WATERVLIET ARSENAL, N.Y. (Oct. 2, 2012) -- Not a day goes by that you can't read about FedEx, UPS, or the U.S. Postal Service employing some money-saving technique that will make their organizations more competitive in the field of shipping.

At a small, but important, Army-owned-and-operated manufacturing center in upstate New York, they too are looking hard at their shipping process to squeeze more value out of its operations.

"In an era of declining defense budgets, we are reviewing each cycle of the production process, from procurement to shipping, to look for efficiencies that may be quickly attained with little or no cost to production," said Tim Allard, the Watervliet Arsenal's chief of Manufacturing Support Division.

One of Allard's lines of operation is packaging, or more specifically, the box shop operation. The box shop operation touches each one of the 700 line items or product lines that are shipped out each month from Watervliet. But for as long as Allard can remember, and he has worked at the Arsenal for more than 25 years, there has never been a redesign of the box shop operation process.

Having recently been trained on the Lean Six Sigma process, Allard said he knew that if he could find waste in the process that true savings could quickly be realized with regard to time and money. So, he and Steve Koza, the Arsenal's supervisor of the box shop operation, started looking at the transportation involved to move components to the box shop from the production lines that were in separate buildings.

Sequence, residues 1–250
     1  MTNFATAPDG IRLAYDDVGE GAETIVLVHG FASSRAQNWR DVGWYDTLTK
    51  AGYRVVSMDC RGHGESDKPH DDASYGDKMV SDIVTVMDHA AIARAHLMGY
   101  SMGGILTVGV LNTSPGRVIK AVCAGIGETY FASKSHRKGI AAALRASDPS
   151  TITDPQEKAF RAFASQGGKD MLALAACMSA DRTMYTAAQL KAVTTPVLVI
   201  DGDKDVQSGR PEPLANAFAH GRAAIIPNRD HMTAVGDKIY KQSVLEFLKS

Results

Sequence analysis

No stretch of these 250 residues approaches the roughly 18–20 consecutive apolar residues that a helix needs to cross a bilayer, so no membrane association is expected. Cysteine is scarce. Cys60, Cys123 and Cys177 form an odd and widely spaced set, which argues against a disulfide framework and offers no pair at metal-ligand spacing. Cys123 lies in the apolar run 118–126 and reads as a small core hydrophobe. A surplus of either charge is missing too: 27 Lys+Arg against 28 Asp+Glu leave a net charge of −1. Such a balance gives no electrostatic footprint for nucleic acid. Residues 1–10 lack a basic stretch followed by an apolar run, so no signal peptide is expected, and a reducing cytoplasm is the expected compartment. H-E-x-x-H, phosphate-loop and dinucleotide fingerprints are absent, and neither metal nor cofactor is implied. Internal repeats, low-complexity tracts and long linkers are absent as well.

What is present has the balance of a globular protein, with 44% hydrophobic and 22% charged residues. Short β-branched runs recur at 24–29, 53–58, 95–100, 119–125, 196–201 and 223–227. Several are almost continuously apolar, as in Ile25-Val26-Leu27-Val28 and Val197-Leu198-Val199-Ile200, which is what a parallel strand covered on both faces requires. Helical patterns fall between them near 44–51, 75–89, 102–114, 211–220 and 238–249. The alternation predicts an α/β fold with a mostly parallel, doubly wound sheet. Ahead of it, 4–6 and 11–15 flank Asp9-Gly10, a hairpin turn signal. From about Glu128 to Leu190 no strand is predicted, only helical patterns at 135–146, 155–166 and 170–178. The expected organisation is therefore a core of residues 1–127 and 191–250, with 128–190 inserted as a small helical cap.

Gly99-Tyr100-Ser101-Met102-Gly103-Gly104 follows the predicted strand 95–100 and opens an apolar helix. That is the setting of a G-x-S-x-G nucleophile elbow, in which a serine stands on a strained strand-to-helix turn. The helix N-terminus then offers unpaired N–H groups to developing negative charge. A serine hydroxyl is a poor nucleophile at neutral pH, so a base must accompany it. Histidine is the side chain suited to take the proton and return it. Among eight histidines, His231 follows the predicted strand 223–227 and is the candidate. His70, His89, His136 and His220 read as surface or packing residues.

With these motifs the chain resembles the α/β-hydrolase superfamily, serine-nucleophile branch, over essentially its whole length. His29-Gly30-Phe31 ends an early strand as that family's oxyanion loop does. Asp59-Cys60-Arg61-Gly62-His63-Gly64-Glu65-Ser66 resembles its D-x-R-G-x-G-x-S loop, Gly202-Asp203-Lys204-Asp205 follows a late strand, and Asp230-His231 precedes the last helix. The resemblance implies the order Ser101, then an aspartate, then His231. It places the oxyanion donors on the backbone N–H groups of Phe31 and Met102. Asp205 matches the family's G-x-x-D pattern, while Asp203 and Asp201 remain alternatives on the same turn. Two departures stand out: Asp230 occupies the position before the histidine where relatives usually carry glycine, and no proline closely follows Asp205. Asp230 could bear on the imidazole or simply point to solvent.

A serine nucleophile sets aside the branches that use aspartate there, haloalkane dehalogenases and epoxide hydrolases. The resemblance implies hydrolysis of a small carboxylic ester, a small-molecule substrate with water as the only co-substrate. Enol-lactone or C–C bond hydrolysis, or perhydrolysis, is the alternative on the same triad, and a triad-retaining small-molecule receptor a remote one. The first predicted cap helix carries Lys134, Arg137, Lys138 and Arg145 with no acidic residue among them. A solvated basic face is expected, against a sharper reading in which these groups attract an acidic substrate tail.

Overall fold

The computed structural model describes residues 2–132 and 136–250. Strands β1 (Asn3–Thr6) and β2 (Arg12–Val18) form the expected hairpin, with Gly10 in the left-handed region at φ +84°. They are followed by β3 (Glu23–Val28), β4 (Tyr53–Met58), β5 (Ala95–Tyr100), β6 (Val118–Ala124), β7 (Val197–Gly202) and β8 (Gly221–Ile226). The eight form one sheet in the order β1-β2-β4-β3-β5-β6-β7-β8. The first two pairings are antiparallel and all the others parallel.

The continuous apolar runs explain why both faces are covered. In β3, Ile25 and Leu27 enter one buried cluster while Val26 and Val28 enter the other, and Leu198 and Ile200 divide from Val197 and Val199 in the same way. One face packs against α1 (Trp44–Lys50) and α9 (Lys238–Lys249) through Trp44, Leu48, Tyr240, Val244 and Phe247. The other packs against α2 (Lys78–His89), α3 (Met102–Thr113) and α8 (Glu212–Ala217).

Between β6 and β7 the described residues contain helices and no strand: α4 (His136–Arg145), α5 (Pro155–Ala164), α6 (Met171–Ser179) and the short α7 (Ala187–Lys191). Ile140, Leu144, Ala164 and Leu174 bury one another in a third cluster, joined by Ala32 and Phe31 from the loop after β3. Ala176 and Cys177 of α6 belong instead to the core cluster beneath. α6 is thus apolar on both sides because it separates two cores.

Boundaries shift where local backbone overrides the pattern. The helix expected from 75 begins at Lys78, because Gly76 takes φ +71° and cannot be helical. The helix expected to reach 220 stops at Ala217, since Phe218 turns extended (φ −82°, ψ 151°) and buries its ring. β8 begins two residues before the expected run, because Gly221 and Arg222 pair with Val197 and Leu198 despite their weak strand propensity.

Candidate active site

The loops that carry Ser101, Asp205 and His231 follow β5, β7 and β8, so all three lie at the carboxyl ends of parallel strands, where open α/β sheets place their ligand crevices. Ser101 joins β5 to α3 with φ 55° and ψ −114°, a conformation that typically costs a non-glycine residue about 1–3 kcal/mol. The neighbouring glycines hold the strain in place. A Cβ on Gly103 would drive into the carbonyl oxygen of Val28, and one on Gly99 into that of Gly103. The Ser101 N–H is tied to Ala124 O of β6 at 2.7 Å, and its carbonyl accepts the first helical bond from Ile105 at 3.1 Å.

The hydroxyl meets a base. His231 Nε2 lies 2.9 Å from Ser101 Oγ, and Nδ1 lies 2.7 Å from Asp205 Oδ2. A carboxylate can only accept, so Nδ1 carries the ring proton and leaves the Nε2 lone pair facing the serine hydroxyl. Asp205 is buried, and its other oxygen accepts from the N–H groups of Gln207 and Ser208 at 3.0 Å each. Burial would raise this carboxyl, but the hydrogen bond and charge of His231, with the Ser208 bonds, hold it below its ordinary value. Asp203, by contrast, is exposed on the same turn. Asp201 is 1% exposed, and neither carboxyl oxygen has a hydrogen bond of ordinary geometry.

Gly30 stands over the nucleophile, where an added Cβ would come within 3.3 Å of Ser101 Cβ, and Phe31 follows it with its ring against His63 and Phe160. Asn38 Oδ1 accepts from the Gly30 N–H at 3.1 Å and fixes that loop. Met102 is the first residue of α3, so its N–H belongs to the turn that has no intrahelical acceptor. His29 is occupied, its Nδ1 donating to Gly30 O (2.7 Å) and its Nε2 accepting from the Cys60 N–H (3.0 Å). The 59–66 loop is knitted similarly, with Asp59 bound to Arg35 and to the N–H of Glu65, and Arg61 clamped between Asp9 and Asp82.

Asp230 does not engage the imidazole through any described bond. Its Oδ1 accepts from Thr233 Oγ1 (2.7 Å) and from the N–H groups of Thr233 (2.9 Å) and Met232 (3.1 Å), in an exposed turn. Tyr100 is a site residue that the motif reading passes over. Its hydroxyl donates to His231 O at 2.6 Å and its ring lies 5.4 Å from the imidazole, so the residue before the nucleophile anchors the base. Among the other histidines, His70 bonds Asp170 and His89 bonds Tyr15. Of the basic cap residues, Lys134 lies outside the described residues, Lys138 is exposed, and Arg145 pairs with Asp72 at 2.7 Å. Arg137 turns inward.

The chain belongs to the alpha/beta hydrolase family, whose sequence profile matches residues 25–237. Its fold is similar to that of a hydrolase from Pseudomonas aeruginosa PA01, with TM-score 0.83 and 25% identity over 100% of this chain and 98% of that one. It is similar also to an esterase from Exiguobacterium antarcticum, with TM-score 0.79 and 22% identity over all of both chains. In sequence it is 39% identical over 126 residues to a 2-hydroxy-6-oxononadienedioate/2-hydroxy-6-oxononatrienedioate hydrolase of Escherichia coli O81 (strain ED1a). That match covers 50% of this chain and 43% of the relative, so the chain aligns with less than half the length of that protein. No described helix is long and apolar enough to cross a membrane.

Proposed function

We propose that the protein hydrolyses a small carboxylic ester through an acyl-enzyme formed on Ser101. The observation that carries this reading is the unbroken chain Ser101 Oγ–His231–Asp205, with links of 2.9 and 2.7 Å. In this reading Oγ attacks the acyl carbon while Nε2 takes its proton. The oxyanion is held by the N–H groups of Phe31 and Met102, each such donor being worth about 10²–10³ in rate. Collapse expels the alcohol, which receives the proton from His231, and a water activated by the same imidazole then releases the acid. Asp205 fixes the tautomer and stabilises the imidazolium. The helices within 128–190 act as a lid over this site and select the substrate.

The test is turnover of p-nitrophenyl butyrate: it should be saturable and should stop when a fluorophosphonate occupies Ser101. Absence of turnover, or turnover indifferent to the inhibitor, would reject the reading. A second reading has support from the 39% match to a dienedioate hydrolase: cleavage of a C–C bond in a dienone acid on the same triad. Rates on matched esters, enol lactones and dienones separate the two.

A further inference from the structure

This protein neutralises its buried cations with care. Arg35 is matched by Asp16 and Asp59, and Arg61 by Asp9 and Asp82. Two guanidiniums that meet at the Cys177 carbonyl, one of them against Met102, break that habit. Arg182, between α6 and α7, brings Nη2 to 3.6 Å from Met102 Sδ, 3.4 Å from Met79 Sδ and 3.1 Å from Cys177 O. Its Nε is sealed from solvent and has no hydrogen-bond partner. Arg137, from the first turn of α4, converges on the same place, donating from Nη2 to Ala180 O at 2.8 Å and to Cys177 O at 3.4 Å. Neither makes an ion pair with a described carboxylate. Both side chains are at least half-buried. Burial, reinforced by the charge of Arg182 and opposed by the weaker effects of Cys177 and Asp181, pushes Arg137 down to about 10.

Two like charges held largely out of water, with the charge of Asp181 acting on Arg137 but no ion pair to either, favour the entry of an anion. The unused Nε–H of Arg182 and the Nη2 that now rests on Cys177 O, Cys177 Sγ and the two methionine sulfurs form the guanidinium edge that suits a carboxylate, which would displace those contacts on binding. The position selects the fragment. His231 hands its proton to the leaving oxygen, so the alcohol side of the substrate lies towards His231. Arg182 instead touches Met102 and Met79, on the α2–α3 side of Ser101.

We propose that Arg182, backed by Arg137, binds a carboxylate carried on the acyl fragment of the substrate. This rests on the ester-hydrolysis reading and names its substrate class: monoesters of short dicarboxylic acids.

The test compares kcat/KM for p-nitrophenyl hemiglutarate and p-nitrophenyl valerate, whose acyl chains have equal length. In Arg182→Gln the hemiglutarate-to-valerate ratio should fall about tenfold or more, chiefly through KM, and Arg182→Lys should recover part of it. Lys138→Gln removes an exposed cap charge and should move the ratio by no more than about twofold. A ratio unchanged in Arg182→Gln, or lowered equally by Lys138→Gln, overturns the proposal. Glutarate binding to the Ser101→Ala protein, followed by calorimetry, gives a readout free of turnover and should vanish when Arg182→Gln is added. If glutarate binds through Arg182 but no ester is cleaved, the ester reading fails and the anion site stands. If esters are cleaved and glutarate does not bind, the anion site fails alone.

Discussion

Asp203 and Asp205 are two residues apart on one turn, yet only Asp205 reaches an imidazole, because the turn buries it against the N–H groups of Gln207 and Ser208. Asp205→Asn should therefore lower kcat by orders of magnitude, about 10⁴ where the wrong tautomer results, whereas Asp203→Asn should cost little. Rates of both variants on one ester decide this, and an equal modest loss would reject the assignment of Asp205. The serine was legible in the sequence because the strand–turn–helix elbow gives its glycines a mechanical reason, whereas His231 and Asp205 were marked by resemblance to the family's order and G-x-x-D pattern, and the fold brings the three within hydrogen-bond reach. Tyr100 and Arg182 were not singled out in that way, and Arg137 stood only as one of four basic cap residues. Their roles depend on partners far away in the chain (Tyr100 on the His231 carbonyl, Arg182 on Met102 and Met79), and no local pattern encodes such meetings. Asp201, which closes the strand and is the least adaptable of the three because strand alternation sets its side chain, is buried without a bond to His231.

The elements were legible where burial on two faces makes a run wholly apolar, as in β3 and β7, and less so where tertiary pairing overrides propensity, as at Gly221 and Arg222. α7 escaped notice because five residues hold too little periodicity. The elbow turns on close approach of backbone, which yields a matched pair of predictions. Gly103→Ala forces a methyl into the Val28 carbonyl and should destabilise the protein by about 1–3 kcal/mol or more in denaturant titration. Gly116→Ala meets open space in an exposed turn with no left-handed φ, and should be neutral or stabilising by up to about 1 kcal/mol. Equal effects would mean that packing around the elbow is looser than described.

Eureka! Or was it a blinding glimpse of the obvious?

After some analysis, they believed that if they moved the fiber box operation from one building into the main production building, a savings of one-quarter mile of transportation could be achieved from the process.

This quarter-mile transportation savings would translate to about one-half man-hour of direct labor per product line. Keeping in mind the box operation handles about 700 product lines a month, this move has the potential to have a cost savings exceeding $100,000 a year, as well as move items through the Arsenal more quickly.

And so, Koza directed his box team during the Arsenal's annual shut down last month to begin the relocation process. One month later, the fiber box operation is up and running in the new location.

Kevin Chase, one of the box team members, said the move may actually be saving more man-hours and other resources than may have been estimated in the original analysis.

"In addition to getting the product faster from the production lines, there is now no need for special banding or packaging to get the product to our location," Chase said.

Given today's uncertainty in how future defense budgets will play out, there can be no doubt that even at the smallest of Army installations there is a dedicated workforce who are doing all that they can to save the Army and the American taxpayer money.

The Watervliet Arsenal (pronounced water-vleet") is an Army-owned-and-operated manufacturing facility located in Watervliet, New York. The Arsenal is the oldest, continuously active arsenal in the United States, having begun operations during the War of 1812.

Today's Arsenal is relied upon by U.S. and foreign militaries to produce the most advanced, high tech, high powered weaponry for cannon, howitzer, and mortar systems. This National Historic Registered Landmark has an annual economic benefit to the local community in excess of $100 million.